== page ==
Adults worry, discuss and employ a variety of programs to address problems of bullying in our youth. A recent letter discussed bullying in public schools ("Don’t ignore bullying," August 9).
As an educator who has witnessed intimidation in both private religious and public schools, I believe that to effectively address this issue we must understand that we are a culture of aggressors and intimidators. Adults model offensive behaviors daily. Principals, staff, teachers, parents, siblings and friends barrage youth with example of cruelty, name-calling, and subjugation.
These behaviors are not relegated to public schools, but pervade our national foreign policies, are firmly imbedded in many adult conversations, and provide the essence for racial, ethnic, gender, aging, and religious discrimination. In schools alone, I’ve witnessed a principal harassing a student to tears in front of his class for wearing inappropriate shoes on a religious celebration day, teachers calling students "slackers," principals insisting that teachers are inferior to others (even though student test scores tell a different story), districts forcing teachers to adhere to teaching calendars when students are not ready to move on, parents gossiping about school staff in parking lots, principals blaming teachers for students harassing others at recess and beliefs that learners who speak languages other than English at home are inferior.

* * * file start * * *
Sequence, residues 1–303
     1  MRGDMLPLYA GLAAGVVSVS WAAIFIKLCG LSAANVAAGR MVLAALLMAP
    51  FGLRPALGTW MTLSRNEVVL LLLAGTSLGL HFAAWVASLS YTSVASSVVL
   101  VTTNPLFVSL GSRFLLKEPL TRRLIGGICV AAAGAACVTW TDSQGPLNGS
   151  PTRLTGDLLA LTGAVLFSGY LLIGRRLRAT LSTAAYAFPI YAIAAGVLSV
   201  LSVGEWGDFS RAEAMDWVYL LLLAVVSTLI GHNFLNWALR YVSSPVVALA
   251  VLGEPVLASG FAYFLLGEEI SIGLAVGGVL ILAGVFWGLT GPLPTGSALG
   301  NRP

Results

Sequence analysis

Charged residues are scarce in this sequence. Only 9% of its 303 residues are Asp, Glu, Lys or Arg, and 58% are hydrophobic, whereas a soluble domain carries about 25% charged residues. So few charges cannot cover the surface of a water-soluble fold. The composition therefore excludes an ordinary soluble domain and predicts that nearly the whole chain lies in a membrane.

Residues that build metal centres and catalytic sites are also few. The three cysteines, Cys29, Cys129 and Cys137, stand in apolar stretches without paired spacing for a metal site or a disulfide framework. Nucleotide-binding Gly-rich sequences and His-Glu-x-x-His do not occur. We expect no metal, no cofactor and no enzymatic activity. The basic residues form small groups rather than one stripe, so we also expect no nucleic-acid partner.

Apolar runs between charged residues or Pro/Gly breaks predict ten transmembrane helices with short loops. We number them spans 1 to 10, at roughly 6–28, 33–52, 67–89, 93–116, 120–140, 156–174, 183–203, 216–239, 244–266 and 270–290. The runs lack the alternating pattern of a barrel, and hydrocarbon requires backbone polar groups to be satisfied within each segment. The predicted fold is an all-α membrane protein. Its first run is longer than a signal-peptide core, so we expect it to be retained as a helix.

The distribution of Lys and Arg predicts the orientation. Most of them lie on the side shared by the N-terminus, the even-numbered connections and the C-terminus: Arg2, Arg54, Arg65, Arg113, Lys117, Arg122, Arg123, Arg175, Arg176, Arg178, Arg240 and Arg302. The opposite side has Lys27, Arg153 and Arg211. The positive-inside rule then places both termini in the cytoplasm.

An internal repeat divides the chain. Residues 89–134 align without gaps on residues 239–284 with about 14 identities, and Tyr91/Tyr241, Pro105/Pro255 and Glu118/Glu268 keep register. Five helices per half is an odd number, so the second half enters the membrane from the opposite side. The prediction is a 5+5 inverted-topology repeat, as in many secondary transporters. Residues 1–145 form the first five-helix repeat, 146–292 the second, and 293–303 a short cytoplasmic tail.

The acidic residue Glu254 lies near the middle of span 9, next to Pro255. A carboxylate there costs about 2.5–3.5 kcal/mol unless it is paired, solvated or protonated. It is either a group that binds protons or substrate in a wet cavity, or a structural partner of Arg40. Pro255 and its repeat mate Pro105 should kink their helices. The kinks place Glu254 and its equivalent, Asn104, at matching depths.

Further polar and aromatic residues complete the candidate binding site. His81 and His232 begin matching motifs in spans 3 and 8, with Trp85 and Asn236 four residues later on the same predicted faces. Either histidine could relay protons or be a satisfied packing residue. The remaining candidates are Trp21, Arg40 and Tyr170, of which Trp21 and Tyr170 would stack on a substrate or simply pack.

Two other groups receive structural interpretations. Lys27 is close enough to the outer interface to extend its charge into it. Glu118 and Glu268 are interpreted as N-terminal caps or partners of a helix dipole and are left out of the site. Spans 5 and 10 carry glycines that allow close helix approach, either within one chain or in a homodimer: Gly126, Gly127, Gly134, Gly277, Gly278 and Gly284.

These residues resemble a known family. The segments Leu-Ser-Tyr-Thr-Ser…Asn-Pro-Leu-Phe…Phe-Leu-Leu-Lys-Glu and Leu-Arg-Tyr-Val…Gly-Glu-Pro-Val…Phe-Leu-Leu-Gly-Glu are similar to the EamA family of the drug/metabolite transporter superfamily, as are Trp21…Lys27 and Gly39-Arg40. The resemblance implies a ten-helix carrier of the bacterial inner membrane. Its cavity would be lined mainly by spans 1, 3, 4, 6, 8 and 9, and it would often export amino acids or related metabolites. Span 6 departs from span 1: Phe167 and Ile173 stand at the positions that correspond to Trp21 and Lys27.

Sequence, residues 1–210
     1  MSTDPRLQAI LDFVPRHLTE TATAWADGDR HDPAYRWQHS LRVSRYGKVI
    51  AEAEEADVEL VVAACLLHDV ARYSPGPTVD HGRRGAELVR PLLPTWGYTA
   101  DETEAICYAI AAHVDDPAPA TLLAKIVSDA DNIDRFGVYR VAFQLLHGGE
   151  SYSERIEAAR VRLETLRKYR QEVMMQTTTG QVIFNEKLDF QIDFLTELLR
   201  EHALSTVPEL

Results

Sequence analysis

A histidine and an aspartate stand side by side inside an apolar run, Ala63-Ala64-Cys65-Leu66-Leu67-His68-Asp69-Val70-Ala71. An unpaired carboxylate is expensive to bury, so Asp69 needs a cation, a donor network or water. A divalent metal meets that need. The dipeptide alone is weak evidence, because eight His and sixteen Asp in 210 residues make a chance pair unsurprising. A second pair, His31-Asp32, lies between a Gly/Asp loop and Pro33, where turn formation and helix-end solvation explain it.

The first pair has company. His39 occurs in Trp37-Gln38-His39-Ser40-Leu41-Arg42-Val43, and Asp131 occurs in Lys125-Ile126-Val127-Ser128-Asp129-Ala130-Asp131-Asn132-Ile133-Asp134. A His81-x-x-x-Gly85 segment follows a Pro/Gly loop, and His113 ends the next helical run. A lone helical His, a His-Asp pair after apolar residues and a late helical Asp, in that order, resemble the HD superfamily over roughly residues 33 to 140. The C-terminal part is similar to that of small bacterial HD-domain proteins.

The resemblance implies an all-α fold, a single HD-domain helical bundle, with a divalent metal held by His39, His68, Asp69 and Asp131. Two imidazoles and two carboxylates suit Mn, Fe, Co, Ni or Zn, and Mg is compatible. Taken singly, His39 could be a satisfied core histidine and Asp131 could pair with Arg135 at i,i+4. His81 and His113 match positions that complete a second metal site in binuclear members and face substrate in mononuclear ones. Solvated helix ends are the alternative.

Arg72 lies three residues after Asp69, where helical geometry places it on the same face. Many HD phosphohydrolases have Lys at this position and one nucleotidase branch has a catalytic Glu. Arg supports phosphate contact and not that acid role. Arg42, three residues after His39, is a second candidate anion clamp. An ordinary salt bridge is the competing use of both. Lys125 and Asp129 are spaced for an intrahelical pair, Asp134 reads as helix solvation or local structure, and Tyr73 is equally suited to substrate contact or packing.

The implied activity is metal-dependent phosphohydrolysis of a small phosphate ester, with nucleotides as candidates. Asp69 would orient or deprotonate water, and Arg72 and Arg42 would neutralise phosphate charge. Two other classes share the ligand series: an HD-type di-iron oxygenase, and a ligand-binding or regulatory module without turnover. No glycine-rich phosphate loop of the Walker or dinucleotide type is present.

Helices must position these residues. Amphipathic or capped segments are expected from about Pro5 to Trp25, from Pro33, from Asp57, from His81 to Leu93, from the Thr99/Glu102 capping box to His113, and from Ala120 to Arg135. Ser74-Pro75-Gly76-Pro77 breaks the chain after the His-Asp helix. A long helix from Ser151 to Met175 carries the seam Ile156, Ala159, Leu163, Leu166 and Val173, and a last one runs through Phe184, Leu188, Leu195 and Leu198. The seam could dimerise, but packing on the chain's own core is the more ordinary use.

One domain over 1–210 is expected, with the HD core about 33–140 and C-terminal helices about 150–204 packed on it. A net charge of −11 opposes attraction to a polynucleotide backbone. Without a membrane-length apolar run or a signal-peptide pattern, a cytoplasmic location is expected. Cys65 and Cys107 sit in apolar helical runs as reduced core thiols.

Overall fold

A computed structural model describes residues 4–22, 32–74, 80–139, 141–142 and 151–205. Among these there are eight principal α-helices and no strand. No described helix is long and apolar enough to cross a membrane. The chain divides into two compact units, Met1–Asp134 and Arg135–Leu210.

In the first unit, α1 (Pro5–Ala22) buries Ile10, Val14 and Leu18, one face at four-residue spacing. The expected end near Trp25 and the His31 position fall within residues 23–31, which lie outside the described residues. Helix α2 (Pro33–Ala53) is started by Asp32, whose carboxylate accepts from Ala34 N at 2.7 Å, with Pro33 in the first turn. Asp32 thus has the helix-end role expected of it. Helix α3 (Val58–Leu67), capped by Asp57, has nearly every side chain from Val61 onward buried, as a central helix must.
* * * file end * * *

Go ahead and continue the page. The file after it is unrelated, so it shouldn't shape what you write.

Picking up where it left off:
As a citizen I hear people threatening others with lawsuits, boycotts and guns. We are a litigious society feeding a culture of bullying. Until adults stop referring to bullying as a school problem and accept that it is a social problem, it will never change.
Salt Lake City
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